love.graphics.draw(NinesliceImage, NinesliceQuad[9], x1 + (Width - NinesliceWidth), y1 + (Height - NinesliceHeight))
end

Thanks.
 

younyokel

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Here's some useful mathematics functions. I wasn't able to found some of these functions built in when I was just starting to learn Lua. They actually can be used not only in Love2D but in just Lua too.

Created and tested on LOVE 11.3.0 - Mysterious Mysteries.
Code:
function sign(number)
    return number > 0 and 1 or number == 0 and 0 or -1
end
This function returns a number you inserted as an argument and clamps it if it is negative it will be -1, if zero it will be 0, and if positive it will be 1.

Code:
function clamp(number, minimum, maximum)
    return number < minimum and minimum or number > maximum and maximum or number
end
The function above clamps the number between minimum and maximum.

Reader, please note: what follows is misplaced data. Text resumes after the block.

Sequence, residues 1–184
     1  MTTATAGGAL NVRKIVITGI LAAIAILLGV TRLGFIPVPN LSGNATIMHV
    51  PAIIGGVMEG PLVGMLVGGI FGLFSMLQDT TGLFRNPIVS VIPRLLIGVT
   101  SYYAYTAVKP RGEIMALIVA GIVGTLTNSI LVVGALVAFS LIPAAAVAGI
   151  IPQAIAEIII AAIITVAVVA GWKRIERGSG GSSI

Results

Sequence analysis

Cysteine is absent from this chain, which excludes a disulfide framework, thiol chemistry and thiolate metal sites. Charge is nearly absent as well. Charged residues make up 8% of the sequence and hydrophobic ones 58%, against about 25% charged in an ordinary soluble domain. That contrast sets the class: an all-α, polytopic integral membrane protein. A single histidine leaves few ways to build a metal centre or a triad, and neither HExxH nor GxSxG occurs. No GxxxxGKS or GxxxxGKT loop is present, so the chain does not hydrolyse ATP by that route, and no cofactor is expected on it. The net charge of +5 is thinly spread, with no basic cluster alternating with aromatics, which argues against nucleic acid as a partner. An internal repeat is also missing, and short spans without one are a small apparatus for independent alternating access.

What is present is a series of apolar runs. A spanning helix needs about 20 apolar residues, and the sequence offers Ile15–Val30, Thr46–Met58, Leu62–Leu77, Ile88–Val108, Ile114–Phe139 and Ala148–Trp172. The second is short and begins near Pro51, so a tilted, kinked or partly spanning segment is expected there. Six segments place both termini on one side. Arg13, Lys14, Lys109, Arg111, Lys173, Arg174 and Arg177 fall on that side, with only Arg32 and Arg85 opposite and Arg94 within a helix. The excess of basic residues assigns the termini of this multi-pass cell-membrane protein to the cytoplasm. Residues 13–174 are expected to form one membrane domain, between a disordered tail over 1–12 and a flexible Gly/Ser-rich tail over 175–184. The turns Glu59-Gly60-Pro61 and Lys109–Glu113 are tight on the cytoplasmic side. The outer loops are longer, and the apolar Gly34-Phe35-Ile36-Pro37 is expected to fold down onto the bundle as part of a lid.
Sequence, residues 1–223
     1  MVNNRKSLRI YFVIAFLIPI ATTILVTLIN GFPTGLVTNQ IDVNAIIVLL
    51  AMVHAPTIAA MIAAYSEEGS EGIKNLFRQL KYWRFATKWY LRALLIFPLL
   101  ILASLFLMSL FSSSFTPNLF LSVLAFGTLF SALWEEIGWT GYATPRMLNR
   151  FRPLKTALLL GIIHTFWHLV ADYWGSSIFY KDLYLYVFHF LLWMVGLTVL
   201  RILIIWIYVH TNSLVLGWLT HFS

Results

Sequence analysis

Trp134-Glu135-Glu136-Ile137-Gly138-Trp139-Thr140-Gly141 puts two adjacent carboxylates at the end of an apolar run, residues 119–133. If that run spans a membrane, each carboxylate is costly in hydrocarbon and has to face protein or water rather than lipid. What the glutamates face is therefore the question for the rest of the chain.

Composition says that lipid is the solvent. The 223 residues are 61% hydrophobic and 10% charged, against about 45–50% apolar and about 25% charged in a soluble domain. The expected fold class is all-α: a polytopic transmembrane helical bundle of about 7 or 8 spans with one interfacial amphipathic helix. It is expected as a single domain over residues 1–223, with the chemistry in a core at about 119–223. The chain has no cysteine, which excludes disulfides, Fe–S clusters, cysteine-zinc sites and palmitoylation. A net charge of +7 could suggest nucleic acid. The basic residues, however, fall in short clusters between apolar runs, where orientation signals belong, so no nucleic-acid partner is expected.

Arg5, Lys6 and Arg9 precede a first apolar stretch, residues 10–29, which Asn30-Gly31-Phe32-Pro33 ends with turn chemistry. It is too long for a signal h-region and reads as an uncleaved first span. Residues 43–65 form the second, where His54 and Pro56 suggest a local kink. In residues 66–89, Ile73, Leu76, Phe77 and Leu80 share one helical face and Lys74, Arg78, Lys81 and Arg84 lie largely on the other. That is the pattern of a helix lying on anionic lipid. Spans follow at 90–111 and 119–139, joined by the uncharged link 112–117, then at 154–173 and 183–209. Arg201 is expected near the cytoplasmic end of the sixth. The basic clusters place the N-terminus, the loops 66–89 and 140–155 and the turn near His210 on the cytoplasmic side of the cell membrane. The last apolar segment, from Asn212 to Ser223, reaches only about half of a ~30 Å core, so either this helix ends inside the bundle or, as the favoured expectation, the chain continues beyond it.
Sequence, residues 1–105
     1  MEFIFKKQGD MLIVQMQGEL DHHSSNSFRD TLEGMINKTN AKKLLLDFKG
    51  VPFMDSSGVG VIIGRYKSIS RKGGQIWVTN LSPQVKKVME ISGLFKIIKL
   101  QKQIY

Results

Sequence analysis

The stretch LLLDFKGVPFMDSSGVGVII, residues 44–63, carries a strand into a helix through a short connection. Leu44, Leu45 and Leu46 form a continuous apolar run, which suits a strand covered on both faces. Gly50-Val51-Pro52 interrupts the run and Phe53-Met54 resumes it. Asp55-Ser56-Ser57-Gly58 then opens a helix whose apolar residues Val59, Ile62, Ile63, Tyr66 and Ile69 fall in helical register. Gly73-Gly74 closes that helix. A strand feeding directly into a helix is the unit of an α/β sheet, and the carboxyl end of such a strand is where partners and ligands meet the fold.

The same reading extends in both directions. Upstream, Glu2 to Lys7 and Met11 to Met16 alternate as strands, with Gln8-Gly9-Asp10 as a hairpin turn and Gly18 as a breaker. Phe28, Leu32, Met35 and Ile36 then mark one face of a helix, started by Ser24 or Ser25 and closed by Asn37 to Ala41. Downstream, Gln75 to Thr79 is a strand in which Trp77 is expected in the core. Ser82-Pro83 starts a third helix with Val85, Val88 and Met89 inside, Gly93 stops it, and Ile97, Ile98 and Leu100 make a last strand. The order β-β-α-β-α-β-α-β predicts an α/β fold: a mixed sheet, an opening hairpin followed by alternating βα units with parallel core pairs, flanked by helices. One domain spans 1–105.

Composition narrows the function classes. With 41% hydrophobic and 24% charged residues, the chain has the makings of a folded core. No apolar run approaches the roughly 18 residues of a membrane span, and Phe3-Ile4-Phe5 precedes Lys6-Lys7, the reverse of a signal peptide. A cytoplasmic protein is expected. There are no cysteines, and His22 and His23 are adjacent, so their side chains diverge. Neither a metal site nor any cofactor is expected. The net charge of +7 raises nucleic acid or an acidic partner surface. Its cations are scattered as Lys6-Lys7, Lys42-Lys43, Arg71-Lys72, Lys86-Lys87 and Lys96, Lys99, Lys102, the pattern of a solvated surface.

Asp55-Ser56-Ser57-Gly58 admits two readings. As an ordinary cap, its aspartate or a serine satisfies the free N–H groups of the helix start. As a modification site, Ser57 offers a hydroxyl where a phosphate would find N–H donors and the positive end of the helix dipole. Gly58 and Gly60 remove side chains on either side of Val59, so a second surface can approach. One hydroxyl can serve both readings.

Code:
function bool(argument)
    return argument and 1 or 0
end
In some programming languages boolean variables can be read by a program as if they were numbers. Like this: 1 is true, 0 is false.

Code:
function round(number)
    return number >= 0 and math.floor(number + 0.5) or math.ceil(number - 0.5)
end

function round_fraction(number, fraction)
    return round(number * fraction) / fraction
end
The function called round() obviously rounds the number you have inserted as argument. These two functions work almost the same, except that the second function will round the number to the fraction you need.

Thanks.
 

younyokel

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Here, some simple string function I made recently. You can use them if you're making a text-based game.

Created and tested on LOVE 11.3.0 - Mysterious Mysteries.
Lua:
function insertString(string, insert, position)
    return string.sub(string, 1, position) .. insert .. string.sub(string, position + 1)
end